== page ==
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Listening Volume

post #1 of 35
Thread Starter 
What is your listening preference

I usually listen to low volumes - partly because I'm reading or thinking or working. But I go medium - rarely high volume.
post #2 of 35
I voted medium, but I've noticed from meets and showing people my amplifier, that I listen much lower than most people I know. I'm generally about 25-40% on a tube amp, and I'm guessing somewhere around 75-80 Db.
post #3 of 35
I confess that, while I listen to speakers ambiently at low or medium volume, I find it hard to listen to good headphones without wanting nearly complete attention to and engrossment in the music. I tend to want to crank it.
post #4 of 35
I've already got some tinnitus from too many concerts with no ear plugs and working around jet engines for 14 years so I rarely turn it up very loud. Then again, what is loud to me may not be to someone else.
post #5 of 35
I'm normally pretty low. I think my IEMs are at around 50dB. Lately I've been turning up my headphones a bit more to get more detail out of them, maybe 60 or 70dB. Can't be sure what it actually is, however. I'm just going by those common reference charts.
post #6 of 35
around 75 db's most of the time. Sealing it best i can to my db meter reads 72db's at my normal volume so i figure add a few db's to be safe and i know im under 80 for sure. I turn it up a bit more on occasion but that is plenty loud for me most of the time.
post #7 of 35
No clue how many db's but I usually have my iPod on at a quarter or less, which apparently to my friends is ridiculously low. I dunno, it just stuck with me ever since my parents told me I'd go deaf if I turn my volume up too high. While I'm not really worried about that now, I think it just stuck with me as a habit.
post #8 of 35
i voted high volume as is the case. though the clip is not the most powerful dap around but i listen to nearly full volume through IE8. at times on max volume (depends on tracks).
post #9 of 35
I usually tune it to medium + position of Volume. i don't know i don't use to the low volume for musical details.
post #10 of 35
This thread is stupid as it depends on a number of things such as resistance in the cable, the player, how loud the source file is, the resistance of the output.....
post #11 of 35
Quote:
Originally Posted by chinesekiwi View Post
This thread is stupid as it depends on a number of things such as resistance in the cable, the player, how loud the source file is, the resistance of the output.....
X2!
post #12 of 35
Quote:
Originally Posted by catachresis View Post
I confess that, while I listen to speakers ambiently at low or medium volume, I find it hard to listen to good headphones without wanting nearly complete attention to and engrossment in the music. I tend to want to crank it.
X2...About 75-80% of Ipod volume capacity but rarely for more than an hour at a time.
post #13 of 35
Thread Starter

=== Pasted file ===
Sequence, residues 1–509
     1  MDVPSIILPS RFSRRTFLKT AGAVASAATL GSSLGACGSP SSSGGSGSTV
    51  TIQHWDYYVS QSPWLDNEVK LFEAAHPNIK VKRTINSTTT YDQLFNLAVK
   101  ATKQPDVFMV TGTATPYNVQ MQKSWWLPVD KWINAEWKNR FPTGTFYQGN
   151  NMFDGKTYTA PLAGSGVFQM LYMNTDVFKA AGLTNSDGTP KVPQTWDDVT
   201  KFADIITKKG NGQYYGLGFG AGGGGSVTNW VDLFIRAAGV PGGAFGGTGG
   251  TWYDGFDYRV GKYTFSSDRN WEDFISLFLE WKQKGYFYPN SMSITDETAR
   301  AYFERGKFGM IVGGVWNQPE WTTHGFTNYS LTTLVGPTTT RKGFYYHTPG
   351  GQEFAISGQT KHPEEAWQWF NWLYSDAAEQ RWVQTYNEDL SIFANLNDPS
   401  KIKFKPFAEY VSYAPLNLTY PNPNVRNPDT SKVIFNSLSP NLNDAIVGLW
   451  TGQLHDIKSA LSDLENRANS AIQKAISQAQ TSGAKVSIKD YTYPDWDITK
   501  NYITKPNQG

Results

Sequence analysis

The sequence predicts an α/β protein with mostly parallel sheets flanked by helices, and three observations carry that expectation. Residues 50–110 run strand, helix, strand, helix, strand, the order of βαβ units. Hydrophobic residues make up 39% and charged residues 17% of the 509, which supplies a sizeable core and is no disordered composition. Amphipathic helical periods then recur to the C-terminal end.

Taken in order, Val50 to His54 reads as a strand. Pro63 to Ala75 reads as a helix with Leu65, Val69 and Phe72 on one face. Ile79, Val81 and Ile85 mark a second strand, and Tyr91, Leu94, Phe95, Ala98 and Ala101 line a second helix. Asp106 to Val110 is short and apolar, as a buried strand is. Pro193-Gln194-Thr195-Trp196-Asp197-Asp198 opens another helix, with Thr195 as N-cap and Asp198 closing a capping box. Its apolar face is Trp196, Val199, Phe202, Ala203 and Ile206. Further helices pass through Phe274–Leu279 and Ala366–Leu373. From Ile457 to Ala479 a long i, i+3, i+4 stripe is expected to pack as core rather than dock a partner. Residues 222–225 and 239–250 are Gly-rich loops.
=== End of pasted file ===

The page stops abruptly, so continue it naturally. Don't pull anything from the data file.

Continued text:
I feel the same way. I do let them rock - but without knowing the true dB, I am conservative and limit the duration. I've already been exposed to loud concerts and performed in them, too. Had I been more aware of hearing loss prevention, I would have used plugs more often!

However, I also believe that there is a relationship between volume and preferred sound signature (and music genre).

From what I noticed so far, high treble energy seems to be acceptable in both low-high volumes in dance/electronica.

But in other genres, warmer signatures are probably preferred at relatively high volumes to control the spikes inherent in wind, wood, and string instruments.


Quote:
Originally Posted by catachresis View Post
I confess that, while I listen to speakers ambiently at low or medium volume, I find it hard to listen to good headphones without wanting nearly complete attention to and engrossment in the music. I tend to want to crank it.
post #14 of 35
Quote:
Orginally posted by chinesekiwi
This thread is stupid as it depends on a number of things such as resistance in the cable, the player, how loud the source file is, the resistance of the output.....
Sort of ... If you can give listening levels in dB by relating it to known dB levels, OK. Or if you indicate source, phones, etc. then levels have some meaning. Otherwise no.

Personally if I listen with with my PX100 or ER6i the iPod level stays pretty low but with my HD580 or iM716 the vol control has to go up significantly to keep the same perceived listening level.

To make the preceding meaningful, I usually listen at a relatively low level most of the time (estimating sub 60 to 70dB) but I will crank it up for a song I really like. I based my estimated dB listening level on comparisons using charts like these:

Decibel (Loudness) Comparison Chart

Decibel (Loudness) Comparison Chart

http://www.reliabilitydirect.com/RDI...cibalChart.pdf
post #15 of 35
High volume all the time! I don't use music for background noise, I want to be taken away, and live with the music. Feel the bass, feel the rythm.
I play music myself to, and have that feeling that it has to have a certain volume, otherwise the excitement aint there, at all.

I usually don't listen for long times at a time, and don't have tinitus or other nasty things. And I'm 41 now.

My source is Sony X and Sennheiser IE8, and the volume mostly is 20-25 out of 30. Genre is typical electronic stuff, metal, rock, worldmusic, jazz.
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